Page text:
Second, instead of ending QE, the money it produces should be diverted away from commercial banks and their corporate clients (which have spent most of the money on share buybacks). This money should fund a basic income and the green transition (via public investment banks like the World Bank and the European Investment Bank). And this form of QE will not prove inflationary if the basic income of the upper middle class and above is taxed more heavily, and if green investment begins to produce the green energy and goods that humanity needs.

This is confusing.  If higher interest rates are to be delivered via an expansionary monetary policy, then how is that not inflationary?  Is he claiming that an expansionary monetary policy will permanently raise real interest rates?  If so, how?

QE creates base money, which is currency plus bank reserves.  As a practical matter, bank reserves earn interest under most QE programs, at least when market interest rates are positive.  If the central bank did QE in a positive rate environment without paying IOR then you’d end up with hyperinflation, as we’ve seen in some developing countries with fiscal problems.  Because of the payment of IOR, there is no revenue bonus from QE to use to finance government spending.  Interest bearing reserves are swapped for interest bearing Treasury debt.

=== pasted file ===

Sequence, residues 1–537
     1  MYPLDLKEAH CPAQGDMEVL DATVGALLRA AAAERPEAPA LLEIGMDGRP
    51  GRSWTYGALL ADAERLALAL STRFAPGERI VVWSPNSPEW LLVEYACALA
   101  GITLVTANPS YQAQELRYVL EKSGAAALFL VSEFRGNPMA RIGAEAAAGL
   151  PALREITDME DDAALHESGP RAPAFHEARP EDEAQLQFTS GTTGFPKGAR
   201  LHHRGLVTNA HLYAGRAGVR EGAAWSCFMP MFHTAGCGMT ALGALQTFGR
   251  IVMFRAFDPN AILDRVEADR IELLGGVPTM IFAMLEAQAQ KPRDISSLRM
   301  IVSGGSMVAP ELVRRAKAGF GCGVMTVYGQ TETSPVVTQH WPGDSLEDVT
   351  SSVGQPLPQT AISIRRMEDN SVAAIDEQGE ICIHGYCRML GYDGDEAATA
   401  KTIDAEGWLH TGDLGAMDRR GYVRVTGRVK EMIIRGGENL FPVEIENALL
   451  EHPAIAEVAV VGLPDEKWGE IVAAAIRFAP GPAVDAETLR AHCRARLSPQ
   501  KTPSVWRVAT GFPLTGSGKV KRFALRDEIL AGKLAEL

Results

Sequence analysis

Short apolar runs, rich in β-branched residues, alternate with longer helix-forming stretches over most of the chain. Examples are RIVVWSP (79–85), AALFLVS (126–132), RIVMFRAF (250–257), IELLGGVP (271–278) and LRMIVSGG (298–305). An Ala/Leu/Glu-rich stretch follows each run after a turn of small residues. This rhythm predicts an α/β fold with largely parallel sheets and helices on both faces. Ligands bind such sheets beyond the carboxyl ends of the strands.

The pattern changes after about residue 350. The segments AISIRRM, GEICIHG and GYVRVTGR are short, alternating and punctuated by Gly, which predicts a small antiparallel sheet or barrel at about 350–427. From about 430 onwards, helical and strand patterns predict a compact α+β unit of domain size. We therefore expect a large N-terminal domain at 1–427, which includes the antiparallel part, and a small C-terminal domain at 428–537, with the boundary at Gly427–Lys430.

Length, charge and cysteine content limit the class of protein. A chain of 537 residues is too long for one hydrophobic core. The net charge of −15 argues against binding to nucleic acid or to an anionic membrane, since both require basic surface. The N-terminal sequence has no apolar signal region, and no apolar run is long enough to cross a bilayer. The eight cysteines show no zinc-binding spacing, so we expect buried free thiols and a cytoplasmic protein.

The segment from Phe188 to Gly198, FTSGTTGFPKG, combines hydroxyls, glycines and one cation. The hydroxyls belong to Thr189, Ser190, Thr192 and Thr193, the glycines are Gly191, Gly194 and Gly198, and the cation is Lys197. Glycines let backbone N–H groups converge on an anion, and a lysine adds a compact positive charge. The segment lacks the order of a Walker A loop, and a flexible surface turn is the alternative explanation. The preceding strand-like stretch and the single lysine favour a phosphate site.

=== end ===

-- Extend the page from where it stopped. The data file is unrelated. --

Yes, the creation of currency produces a modest annual flow of revenue for the Treasury (called seignorage), but that’s true whether or not they also do QE.  To actually bring in the sort of money you’d need to finance major spending programs you’d need the sort of extreme money creation that leads to hyperinflation.  That’s not going to happen and Varoufakis clearly indicates he does not favor high inflation.

Once hyperinflation is off the table, a few basic points become clear:

1. The Fed can only control nominal interest rates in the long run; real rates are determined by the market.  There is no magic wand by which the Fed controls interest rates.  It can permanently raise nominal interest rates, but only by creating inflation.

2.  Money creation (including QE) does not provide a large enough revenue source to fund major government programs.  Any basic income program or spending on major green initiatives will be funded by fiscal authorities, not a central bank.

3.  Existing QE programs (at least in the US) did not fund things like stock buybacks.

Last time I looked, the Fed earned about $80 billion/year in profits, which is turned over to the Treasury.  There would be an immediately outcry if the Fed suddenly announced it was going to spend that $80 billion on UBI or carbon abatement.  Those decisions are and should be made by elected officials.

Scott Sumner
Scott B. Sumner is Research Fellow at the Independent Institute, the Director of the Program on Monetary Policy at the Mercatus Center at George Mason University and an economist who teaches at Bentley University in Waltham, Massachusetts. His economics blog, The Money Illusion, popularized the idea of nominal GDP targeting, which says that the Fed should target nominal GDP—i.e., real GDP growth plus the rate of inflation—to better "induce the correct level of business investment". In May 2012, Chicago Fed President Charles L. Evans became the first sitting member of the Federal Open Market Committee (FOMC) to endorse the idea.